the Nanaimo Wellcox Railyards, where they were stored under tarps. That move drew criticism from Peake and Sturgill, who claimed damaging mildew would form from trapped moisture. Also drawing criticism from the action group is the ICF’s plan to ask for $7.5 million from the provincial government, with matching funds from the federal government, to begin repairs on the aging line to bring it pack to passenger rail standards. VIA Rail removed the Budd cars from the Island because the railway was deemed unsafe last spring for passenger service (freight service is still allowed). In 2008, with Peake as cochairman, the ICF announced it was making a funding request of $103.8 million, for which a detailed plan was presented to senior lev-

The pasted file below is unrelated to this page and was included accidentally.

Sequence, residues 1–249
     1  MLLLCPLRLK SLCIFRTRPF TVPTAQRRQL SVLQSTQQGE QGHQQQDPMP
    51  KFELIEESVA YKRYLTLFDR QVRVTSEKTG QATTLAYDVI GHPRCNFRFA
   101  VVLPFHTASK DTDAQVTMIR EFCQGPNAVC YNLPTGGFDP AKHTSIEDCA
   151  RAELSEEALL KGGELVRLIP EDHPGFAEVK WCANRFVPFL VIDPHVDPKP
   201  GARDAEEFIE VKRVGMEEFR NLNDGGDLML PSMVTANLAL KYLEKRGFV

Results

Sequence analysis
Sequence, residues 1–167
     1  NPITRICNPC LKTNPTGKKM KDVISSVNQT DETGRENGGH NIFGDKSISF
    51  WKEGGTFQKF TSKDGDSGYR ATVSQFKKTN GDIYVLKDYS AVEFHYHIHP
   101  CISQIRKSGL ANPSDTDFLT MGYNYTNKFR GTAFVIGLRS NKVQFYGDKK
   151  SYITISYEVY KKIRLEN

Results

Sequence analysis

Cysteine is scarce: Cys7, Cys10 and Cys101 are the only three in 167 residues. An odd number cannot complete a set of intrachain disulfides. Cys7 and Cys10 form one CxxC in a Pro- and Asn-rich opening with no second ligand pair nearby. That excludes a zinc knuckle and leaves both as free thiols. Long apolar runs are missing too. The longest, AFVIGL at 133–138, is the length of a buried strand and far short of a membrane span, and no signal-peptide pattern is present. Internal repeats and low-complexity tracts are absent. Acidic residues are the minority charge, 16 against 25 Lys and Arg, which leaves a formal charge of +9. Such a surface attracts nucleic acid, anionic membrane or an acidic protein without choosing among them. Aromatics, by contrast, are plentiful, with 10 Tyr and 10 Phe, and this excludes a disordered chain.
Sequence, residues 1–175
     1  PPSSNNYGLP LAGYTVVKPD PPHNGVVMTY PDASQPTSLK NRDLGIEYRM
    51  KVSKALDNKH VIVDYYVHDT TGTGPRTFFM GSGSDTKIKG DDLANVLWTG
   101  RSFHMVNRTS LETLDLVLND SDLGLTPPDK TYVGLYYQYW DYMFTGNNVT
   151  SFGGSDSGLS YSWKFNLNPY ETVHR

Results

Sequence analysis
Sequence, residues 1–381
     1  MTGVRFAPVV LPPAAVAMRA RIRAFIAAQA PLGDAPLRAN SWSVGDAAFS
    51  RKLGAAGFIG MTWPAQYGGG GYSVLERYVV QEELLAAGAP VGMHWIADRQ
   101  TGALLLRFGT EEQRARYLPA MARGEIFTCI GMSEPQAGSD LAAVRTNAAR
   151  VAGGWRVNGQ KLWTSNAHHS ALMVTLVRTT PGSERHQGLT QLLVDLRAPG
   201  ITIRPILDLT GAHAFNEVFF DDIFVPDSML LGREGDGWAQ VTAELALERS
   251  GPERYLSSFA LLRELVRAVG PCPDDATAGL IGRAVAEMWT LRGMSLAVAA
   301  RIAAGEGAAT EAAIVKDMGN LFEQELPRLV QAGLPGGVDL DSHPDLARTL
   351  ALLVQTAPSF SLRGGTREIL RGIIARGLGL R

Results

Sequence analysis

els of government. But the current board’s decision to ask for only $15 million – the province will provide funding only if the feds do, and Ottawa has yet to commit – enough to repair an adequate number of ties to resume the passenger service, led Sturgill to say he fears it won’t be enough to fix the entire Victoria to Courtenay line, and that future funding could be jeopardized. “Originally that $104 million was going to be spread out over five years but when Graham Bruce came on as our new executive director he said we’d never be able to get that much money up front or even over five years,” said Sturgill. “He said we needed to go for smaller amounts ... and then all of a sudden he came back over a year ago saying $15 million is all we need. We questioned that and shortly after we were told our